It seems as though an amusement park’s critical acclaim is related to the quality of their themed areas. Busch Gardens Tampa has designed their different sections to resemble the jungle, Disneyland has worlds like Frontierland, Tomorrowland and Have-Your-Wallet-Raped-By-Donald-Duck-Land, Six Flags Magic Mountain is themed like a place where you can be robbed by gangs of 13-year-olds. With all the investment in original landscape architecture and designing rides to suit the surrounding area, how come there isn’t a Jewish-themed area at any amusement parks?
I don’t think Jew World, Shtetl-Land or Schmuck Jerusalem would be too out of place at one of America’s fine summer attractions. Busch Gardens Europe, which is near Virginia Beach, Virginia, a place that would prefer to bomb Europe, has themes for Native American Canada, Italy and a decidedly not Jew-friendly Germanic village. I was personally very impressed by the authenticity that came with the german shepherds barking me on to the Alpengeist roller coaster. Why not add a little section of the park for the chosen people? Or, rather, let me ask like more of a Jewish mother: Would it kill ya to make it a little more Jewy?
Holiday World in Indiana has themed areas for different holidays. Christmas, Halloween and the Fourth of July are all represented with rides like The Voyage and The Raven. Why not tack on a little bit of Yom Kippur World? Ride the Starving Scream Machine and Raging Rabbi where your train has to outrun a vengeful God because you snuck a sandwich into temple. Then you get lunch at the Screw-It-It’s-Close-Enough-To-Sunset and risk Jew Hell for some brisket.
I understand that there are two main issues with implementing this kind of theming. One is that people who love amusement parks tend to not like Jews very much. Every time I go to Six Flags Great Adventure, I nearly get stabbed to death by New Jersey’s and Philadelphia’s roving gangs of 13-year-olds who decide to settle their turf wars while waiting in line for Kingda Ka. They are seldom doing so because they’re fighting over prime Bar Mitzvah dates on the Jewish calendar. Second, people want to associate thrill rides with fear and adrenaline and it’s rare that these emotions can be elicited by a mention of the Hebrew people.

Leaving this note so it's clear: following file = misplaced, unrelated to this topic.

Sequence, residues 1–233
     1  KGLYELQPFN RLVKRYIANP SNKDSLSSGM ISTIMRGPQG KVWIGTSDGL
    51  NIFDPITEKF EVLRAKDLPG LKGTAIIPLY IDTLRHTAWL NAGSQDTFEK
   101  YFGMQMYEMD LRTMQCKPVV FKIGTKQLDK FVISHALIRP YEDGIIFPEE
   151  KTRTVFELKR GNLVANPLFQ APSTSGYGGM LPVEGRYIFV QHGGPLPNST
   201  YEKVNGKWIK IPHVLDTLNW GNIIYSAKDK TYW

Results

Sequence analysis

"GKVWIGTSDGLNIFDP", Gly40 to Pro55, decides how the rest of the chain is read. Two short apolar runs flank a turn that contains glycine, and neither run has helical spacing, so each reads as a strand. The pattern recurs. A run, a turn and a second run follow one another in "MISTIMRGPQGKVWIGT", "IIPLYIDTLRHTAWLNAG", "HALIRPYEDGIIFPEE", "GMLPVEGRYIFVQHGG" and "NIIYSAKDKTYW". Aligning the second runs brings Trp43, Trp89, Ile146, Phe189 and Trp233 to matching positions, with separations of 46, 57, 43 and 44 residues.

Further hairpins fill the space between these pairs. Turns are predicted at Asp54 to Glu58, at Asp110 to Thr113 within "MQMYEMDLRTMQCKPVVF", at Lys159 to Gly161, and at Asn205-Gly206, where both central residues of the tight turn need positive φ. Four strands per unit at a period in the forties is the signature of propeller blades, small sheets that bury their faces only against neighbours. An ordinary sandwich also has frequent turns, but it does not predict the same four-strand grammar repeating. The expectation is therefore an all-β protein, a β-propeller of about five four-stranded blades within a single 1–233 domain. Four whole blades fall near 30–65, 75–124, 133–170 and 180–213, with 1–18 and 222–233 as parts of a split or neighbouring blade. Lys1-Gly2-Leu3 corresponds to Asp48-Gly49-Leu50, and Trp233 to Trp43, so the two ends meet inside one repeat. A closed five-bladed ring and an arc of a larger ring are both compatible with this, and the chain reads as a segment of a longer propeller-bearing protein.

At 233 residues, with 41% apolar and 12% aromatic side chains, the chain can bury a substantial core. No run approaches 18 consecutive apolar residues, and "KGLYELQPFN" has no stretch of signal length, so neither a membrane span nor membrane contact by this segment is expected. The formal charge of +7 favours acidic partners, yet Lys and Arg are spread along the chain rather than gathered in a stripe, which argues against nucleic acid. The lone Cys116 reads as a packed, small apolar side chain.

Any Jew who has ever brought a shiksa home to meet their grandma can attest to the fear that the children of Israel can instill. Maybe if we start influencing the teenage visitors of amusement parks, we can make a long-lasting change to the perception of the fear factor of Judaism. Thirteen-year-old American teenagers tend to be the most vocal, racist, offensive, self-involved idiots in the world. The reason that stereotyping and bigotry exists is mostly thanks to this future generation of America’s leaders. These morons also happen to be the prime demographic for Six Flags attractions. If we can somehow start getting these half-brained 13-year-olds to say stuff like, “That roller coaster is scarier than a Jew on Easter,” then maybe we can affect Judaism’s perception in society.
I am not trying to get more people to hate Jews, trust me, that side of the public relations effort is well-saturated. But what I want is to have a more fearful reputation. Something that would instill a bit of intimidation. Imagine how you would react if you heard, “Our star quarterback can’t practice on Saturday because he has to go to temple.” I still want you to feel afraid but for the exact opposite reasons. What I want is for a young, single, white girl to be walking down the street alone at night, see a guy with a yarmulke walking in her direction and have her cringe with fear while clutching her pepper spray and not just because it’s a delicious varnish to matzoh.
Theme parks are one of the places we could start to implement this reputation of fear. We have rides like El Toro in Spanish-themed areas of Six Flags, Runaway Train in the Old West and Ninja in sections inspired by the Orient. It shouldn’t be that much of a stretch to add The Kvetcher in Little Israel, The Stomach Ache in Schmaltzy Tel Aviv or Why Haven’t You Called Your Mother? in The Shtetl.
The trains could have a cool theme to them. Everyone could bring down their shoulder straps, which also doubles as a tallit. The long curly payot sideburns could be flying along the edges of the roller coaster. The massive first drop could be designed to shape a hook nose. The long line could show clips on screens of people complaining about long lines (“Oy, we’re waiting in line for this?”). Then at the end of your heartburn-inducing thrill ride and want to buy your picture at the end of the ride, you have to haggle with the salesman behind the counter who judges your entire personal finance.
As things stand right now, Judaism doesn’t instill the kind of intimidation in sports, crime, and pop culture that other races and ethnicities seem to have monopolized. The people that set these sorts of trends are the same 13-year-old racist and homophobic idiots that fill America’s greatest theme parks and water parks every summer. If we can start theming our scariest rides, areas and attractions after the Chosen People, maybe we can make a difference.